And What About Propane Tanks?

We get questions from time to time from people curious about rules and regulations that apply to propane tanks. Some aspects of propane tanks are subject to parts of our requirements at DNREC, but not all. Here is a collection of notes, links and guidance to our requirements and those of other agencies, based on our experience answering those questions.

Office of the State Fire Marshal

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State Fire Marshal

The Office of the State Fire Marshall requires submission of a tank plan for propane tanks (except those that service 1-family or 2-family dwellings). Plans are reviewed with primary focus on clearance distances, physical protection, and operational safeguards when propane tanks are used to service community gas systems, commercial buildings, bulk storage tank sites and installations, retail re-fill stations, and cylinder exchange programs.

The Office regulates propane tanks that service other uses through compliance at plan review stage and final inspection (upon completion of the installation).

The Office requires compliance with the National Fire Protection Association’s Standard for the Storage and Handling of Liquefied Petroleum Gases (NFPA 58) through a construction permitting program.

The Office’s Investigation Division performs any investigations of explosions or fire.

Rules and Regulations

16 Del. Code, Chapter 66

Delaware State Fire Prevention Regulations (1 DE Admin. Code 700)

DNREC Tanks Compliance and Boiler Safety

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Tanks Compliance

There are no registration or operation and maintenance requirements for propane tanks under the Aboveground Storage Tank Program. Aboveground storage tanks containing propane are subject to release and to leak reporting, release investigation and response, and corrective action requirements in Part E of the Aboveground Storage Tank Regulations.

Propane is not considered a regulated substance under Delaware’s Underground Storage Tank Program.

Delaware’s Boiler Safety Program does not regulate pressure vessels that are under the control of the State Fire Marshal, the Department of Transportation, or on privately owned property.

Rules and Regulations

Aboveground Storage Tanks Regulations (7 DE Admin. Code 1352)

State Emergency Response Commission

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Propane can be covered by hazardous chemical inventory reporting requirements under the Emergency Planning and Community Right-to-know Act (EPCRA). This applies to situations where the owner/operator is required to have Safety Data Sheet (SDS) for substances under Occupational Safety and Health Administration (OSHA) rules.

Facilities must provide initial notice, and annual reports with amounts, locations, emergency contacts, etc., to support emergency planning and response activities.

The threshold for hazardous chemicals in Delaware is 55 gallons or 500 pounds, but defaults to a federal 10,000 pound threshold when a substance is used solely for building heating purposes at a facility.

Exemptions can apply, including an exemption for substances in the same form and concentration as product packaged for use by the general public, which exempts propane grill tanks.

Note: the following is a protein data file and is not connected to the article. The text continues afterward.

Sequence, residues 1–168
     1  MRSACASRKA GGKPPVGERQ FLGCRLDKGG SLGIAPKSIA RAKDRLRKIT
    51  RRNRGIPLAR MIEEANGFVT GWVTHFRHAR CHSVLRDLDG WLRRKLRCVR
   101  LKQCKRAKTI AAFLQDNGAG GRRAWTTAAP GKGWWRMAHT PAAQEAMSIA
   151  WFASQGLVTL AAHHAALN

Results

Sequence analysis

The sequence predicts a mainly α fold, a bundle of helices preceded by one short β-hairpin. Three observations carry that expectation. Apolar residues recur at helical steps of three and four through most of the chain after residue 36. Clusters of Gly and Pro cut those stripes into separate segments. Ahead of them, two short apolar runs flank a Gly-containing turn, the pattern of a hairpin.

Rules and Regulations

Emergency Planning and Community Right-to-know Act (16 Del. Code, Chapter 63)

Emergency Prevention and Response Regulations (7 DE Admin. Code 1200)

Accidental Release Prevention

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Under Delaware’s Accidental Release Prevention Program, when the actual quantity of propane is greater than or equal to the threshold quantity of 10,000 pounds, a responsible person or persons must submit and implement a Risk Management Plan (RMP) and may need to pay an annual fee.

Rules and Regulations

Extremely Hazardous Substances Risk Management Act (7 Del. Code, Chapter 77)

Accidental Release Prevention Regulation (7 DE Admin. Code 1201)

DNREC Emergency Response

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Environmental Complaints and Emergency Response

DNREC’s Emergency Response Branch, and the Environmental Crimes Unit, responds to reports of releases of propane. They will take appropriate action to resolve the emergency situation and investigate each incident, if needed.

Propane is considered a flammable substance under state regulations, with a reportable quantity of 1,000 pounds. Any person causing or contributing to a release must report the release immediately while activating the facility’s emergency site plan. Reporting to the Department may be in person or by phone and has to include an estimate of the quantity released, the time and location of the release, the media affected, any known health risks, and proper precautions to take including evacuation, and contact information. The Department may require the person reporting to send in a written report within 30 days.

Rules and Regulations

Reporting of a Discharge of a Pollutant or Air Contaminant (7 DE Admin. Code 1203)

Consumer Affairs and Complaints

A number of requirements under parts of the state’s Commerce and Trade laws apply to propane storage tanks.

Owners of a residence must inform their propane company that they plan to sell their home at least 30 days before settlement.

The propane company must provide the buyer a copy of the service agreement 15 days before settlement.

If the propane company doesn’t provide the buyer a copy of the service agreement, the propane company is required to remove the tank at their expense within 30 days after settlement.

There are additional requirements that are triggered when a propane company sells the equipment at a home to another propane company.

Rules and Regulations

6 Del. Code, Ch. 21, Ch. 25, Ch. 27, and Ch. 34